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Drivers Rights and Human Rights
Important: Reversed on appeal
It has been clear for a while that the Human Rights Act will have a major impact on UK law. If there are any left who doubt this, I suggest they look hard at Brown v Procurator Fiscal, Dunfermline (HCJ Times 14-Feb-2000). The High Court of Justiciary, the highest Court of Criminal Appeal in Scotland, held that the power in the Road Traffic Act 1998 to force a registered keeper to say who was driving a car, denies the driver a right to a fair trial. It compels him to give evidence against himself. A refusal to answer is itself a crime. The fairness restriction on such powers must apply at the stage of evidence gathering as much as at trial. It does not apply at the stage where an officer is investigating whether a crime has been committed, but does as soon as he concludes that an offence has been committed, and moves on to ask who committed the offence.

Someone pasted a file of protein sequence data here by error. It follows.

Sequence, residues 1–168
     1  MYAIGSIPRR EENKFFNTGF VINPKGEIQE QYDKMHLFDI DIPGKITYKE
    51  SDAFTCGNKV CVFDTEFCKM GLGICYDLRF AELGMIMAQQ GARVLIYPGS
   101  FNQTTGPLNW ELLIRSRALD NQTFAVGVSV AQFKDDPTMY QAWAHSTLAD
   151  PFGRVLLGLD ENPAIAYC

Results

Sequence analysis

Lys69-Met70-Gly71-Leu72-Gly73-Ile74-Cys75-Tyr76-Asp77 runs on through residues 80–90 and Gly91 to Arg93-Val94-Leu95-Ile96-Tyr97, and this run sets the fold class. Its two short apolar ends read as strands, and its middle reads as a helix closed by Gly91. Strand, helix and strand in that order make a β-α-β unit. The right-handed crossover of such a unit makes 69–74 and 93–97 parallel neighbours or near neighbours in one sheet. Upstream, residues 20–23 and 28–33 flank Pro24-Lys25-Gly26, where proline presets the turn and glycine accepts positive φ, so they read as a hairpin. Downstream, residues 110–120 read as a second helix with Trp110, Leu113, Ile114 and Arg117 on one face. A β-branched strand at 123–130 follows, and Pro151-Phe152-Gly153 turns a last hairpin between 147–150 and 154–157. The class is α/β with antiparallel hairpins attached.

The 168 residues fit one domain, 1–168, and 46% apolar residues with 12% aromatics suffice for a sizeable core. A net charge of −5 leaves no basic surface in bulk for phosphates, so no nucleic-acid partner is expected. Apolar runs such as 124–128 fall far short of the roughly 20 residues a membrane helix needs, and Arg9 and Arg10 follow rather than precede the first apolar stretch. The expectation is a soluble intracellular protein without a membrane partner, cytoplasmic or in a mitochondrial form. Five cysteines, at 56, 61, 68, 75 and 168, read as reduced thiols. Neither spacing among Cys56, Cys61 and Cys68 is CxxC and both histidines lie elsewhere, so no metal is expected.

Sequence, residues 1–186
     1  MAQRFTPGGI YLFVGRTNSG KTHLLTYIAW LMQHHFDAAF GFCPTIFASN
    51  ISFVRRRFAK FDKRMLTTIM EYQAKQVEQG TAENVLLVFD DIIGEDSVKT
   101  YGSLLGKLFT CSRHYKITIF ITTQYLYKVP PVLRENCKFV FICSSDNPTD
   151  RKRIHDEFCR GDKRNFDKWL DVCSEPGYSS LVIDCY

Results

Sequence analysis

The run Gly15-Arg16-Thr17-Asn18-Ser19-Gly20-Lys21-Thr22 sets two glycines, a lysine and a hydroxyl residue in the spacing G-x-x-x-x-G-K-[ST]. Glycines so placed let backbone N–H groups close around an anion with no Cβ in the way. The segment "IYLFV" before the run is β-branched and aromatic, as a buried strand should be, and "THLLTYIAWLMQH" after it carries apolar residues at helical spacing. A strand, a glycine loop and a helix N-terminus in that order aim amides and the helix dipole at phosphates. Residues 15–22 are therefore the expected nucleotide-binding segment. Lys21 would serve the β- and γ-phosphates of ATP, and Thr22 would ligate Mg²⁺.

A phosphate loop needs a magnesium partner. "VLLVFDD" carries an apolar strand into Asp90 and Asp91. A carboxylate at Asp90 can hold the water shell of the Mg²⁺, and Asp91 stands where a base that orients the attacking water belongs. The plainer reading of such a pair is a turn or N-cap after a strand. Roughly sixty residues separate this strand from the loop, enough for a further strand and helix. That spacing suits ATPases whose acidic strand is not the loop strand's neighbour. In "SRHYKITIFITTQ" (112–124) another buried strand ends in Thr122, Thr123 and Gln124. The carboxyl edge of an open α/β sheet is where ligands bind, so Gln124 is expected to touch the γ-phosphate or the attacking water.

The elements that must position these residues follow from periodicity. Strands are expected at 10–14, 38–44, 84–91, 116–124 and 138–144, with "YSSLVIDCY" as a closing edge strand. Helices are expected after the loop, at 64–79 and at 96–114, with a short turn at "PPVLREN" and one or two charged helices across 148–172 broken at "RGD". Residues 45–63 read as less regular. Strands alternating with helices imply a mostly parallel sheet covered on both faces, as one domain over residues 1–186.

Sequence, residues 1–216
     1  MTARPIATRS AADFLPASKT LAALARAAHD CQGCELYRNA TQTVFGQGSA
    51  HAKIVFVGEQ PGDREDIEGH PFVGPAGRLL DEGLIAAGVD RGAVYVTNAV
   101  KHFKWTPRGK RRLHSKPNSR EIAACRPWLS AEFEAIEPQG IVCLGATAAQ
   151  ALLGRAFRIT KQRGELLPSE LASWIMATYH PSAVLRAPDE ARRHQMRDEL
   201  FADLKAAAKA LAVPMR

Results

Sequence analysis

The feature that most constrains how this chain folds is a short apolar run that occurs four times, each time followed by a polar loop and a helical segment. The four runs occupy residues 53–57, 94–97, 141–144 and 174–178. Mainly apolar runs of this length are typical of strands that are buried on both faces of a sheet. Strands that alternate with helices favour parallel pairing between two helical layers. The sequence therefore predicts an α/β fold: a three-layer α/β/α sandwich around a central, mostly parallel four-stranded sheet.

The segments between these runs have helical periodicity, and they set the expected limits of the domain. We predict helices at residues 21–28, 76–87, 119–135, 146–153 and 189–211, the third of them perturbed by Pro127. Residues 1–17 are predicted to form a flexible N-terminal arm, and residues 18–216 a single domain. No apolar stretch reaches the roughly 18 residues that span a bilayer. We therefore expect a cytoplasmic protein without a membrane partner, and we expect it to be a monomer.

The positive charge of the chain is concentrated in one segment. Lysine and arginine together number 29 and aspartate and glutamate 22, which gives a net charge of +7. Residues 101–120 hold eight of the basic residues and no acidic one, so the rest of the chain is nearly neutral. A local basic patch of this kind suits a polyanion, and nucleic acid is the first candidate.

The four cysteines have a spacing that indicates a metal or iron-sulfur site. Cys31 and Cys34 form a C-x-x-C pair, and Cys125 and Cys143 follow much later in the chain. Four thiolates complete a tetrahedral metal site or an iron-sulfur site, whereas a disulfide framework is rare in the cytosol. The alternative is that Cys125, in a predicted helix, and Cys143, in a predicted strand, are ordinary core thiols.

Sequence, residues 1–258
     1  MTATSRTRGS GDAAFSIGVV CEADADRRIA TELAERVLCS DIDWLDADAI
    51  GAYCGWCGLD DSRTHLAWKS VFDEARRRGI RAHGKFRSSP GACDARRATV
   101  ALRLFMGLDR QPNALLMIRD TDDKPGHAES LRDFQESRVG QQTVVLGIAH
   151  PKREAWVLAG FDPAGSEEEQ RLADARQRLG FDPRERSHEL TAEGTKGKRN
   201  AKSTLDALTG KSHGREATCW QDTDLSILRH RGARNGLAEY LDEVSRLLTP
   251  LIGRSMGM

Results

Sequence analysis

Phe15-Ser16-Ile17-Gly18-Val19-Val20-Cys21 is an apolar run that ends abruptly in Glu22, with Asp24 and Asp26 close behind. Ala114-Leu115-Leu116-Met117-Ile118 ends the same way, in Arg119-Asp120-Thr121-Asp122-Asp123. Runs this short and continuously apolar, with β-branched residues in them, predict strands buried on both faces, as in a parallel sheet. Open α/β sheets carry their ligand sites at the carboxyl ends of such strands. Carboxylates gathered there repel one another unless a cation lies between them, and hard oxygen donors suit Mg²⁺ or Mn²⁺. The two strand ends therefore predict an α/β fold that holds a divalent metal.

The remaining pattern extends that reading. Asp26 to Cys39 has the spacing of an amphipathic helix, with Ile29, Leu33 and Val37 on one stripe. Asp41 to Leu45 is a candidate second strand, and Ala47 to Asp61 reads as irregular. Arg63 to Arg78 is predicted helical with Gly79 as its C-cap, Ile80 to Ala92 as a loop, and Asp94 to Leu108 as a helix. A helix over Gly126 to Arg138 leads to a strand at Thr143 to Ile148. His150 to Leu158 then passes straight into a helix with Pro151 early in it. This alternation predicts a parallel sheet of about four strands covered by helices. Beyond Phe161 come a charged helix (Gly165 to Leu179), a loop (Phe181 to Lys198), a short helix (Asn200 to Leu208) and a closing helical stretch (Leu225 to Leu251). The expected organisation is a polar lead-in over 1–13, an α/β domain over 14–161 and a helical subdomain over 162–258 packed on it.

This section which has long been part of UK Road Traffic law, has been a major plank, for example, in catching drivers who have been speeding on motorways by the use of cameras. The car rushes past, the camera flashes, and the registered keeper is sent a letter requiring him, on pain of committing a criminal offence, to say who the driver was. If the registered keeper was the driver, he has been compelled to provide evidence which will lead to his conviction. One can imagine that the consequences for Road Traffic law will be substantial.
I must admit that it all appears rather more clear when a judge explains it, than it did beforehand. Hats off to the lawyer who pushed the case.
14 Feb 2000
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